There is another way you could easily identify whether you have a modified M62TUB44 or an engine that is entirely a pre M62TU/pre-Vanos, and that is by looking at the back of the intake manifold for a cyclonic oil separator. If you see the funnel shaped oil separator mounted in the passenger’s side near the firewall then you’ll know it’s most likely an M62TUB44 Vanos engine that’s been modified. If you don’t see the cyclonic separator, then it’s most likely an entirely different pre-Vanos engine.

The dealer may have known of the swap or not, I cannot advise on whether or not legal action can be taken. It just keep in mind that it could have been that someone just replaced the engine or deleted Vanos in a short-sifted effort to simplify their vehicle and then eventually sold it. Every car has its demons so I don’t know what your situation would allow for or not.
 

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1995-2002 Range Rover P38A
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That is a Non Vanos M62..

The TU added Vanos on the intake Cam..

This is one i did earlier this year,..



 

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2010-2012 Range Rover MkIII / L322
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Discussion Starter #7
Sorry to keep you guys hanging so long. I found out that this was indeed a swap to a non-vanos engine. Out of a 1997 BMW 740IL. The real issue is the ECM was still looking for the camshaft sensor on bank two. None existed. There isn't even a slot for it.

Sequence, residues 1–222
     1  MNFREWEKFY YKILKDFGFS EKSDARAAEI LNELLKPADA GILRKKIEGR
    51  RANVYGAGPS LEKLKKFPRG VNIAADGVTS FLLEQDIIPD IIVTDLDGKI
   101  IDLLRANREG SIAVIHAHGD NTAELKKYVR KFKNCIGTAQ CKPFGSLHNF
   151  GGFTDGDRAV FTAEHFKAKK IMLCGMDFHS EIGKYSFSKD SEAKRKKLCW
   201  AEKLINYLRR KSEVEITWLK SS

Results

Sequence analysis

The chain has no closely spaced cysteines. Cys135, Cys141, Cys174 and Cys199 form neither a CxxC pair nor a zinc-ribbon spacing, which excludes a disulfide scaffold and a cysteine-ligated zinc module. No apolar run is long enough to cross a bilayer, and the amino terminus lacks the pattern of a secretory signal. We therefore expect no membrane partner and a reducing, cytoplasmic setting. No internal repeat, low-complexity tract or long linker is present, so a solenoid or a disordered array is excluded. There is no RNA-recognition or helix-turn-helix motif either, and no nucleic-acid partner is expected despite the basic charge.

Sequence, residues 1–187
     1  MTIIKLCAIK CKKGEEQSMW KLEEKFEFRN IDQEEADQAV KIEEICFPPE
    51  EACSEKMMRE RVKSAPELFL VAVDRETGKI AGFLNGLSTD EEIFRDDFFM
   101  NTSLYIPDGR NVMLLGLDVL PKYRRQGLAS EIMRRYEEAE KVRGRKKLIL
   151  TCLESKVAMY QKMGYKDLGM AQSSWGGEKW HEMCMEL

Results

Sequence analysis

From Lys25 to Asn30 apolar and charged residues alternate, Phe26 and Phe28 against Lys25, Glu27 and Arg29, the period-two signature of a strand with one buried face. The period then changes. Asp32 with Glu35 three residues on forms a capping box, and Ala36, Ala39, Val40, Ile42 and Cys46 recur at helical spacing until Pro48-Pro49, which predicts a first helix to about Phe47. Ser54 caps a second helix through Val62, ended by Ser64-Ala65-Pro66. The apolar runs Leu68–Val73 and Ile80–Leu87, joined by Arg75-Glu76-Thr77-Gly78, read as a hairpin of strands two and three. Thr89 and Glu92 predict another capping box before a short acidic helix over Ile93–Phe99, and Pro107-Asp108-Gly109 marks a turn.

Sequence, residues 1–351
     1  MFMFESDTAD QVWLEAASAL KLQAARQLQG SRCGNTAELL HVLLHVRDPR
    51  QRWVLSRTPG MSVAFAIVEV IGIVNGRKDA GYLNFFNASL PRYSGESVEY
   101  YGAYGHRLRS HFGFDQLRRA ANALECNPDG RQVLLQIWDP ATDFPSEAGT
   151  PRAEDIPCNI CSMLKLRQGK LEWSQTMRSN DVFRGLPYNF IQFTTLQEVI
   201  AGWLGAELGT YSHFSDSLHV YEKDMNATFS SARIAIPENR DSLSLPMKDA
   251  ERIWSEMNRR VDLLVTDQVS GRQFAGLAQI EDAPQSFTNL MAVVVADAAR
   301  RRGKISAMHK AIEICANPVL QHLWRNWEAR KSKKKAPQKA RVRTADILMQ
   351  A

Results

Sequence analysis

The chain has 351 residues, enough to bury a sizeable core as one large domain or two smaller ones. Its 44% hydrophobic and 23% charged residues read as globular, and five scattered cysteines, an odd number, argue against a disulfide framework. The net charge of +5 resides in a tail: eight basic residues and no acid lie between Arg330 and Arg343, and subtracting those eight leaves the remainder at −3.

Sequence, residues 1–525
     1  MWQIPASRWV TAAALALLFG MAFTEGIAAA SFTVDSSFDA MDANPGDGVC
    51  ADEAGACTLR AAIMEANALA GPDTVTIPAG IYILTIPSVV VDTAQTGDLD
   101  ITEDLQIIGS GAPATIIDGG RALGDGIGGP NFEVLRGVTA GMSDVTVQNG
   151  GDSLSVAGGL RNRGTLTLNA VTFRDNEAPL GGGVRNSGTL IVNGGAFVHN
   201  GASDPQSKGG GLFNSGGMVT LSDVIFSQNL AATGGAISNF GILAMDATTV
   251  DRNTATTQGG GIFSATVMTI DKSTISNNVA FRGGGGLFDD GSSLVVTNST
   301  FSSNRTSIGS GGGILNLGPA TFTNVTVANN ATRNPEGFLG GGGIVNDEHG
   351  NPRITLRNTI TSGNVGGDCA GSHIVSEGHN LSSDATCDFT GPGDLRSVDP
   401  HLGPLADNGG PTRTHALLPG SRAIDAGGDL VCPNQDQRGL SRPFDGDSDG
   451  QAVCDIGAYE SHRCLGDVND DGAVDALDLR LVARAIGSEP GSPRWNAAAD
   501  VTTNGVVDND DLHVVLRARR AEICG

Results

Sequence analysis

But I have a bigger issue. Turns out that car has almost never passed emissions. It has a Buyback\Lemon title that I was unaware of (stupid of me to not ask for the Carfax when I bought it, and the dealer did not offer - which I found out is illegal if the dealer knows the car is defective). I went to trade the car in and the dealer was kind enough to pull the Carfax and show me. Up and down the list, emissions failure, emissions failure... quite a few of the owners only had the vehicle for a year, then sold it when it couldn't pass emissions. Even before that point it was in and out of the service bay... Seems like I was just the next fish on the hook.

I still have the contract - and the Carfax from the dealer who gave me the honest truth. I will be contacting an attorney about this one.
 

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Discussion Starter #8
I also don't have it anymore - I upgraded to a 2011 HSE
 

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2002-2005 Range Rover MkIII / L322
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Did you get much for it on the trade in?
 

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2010-2012 Range Rover MkIII / L322
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Discussion Starter #10
No, not at all. $500. Which I understand. No one will want to purchase it at price based on the condition. The dealer said, "you could try and sell it privately, as a dealer I wouldn't want to."

Neither would I. Not in good conscience. Yeah, I got hooked and scaled, but I wouldn't want to intentionally do that to someone else. Not that kind of guy. Lost $5000. Maybe I can get some kind of relief in court.
 

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2002-2005 Range Rover MkIII / L322
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Good luck. I hope you do.
 

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2002-2005 Range Rover MkIII / L322
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If this isn’t a case of sleazy predatory sales practice, I don’t know what is. Take them to small claims court, it will be a nearly guaranteed win.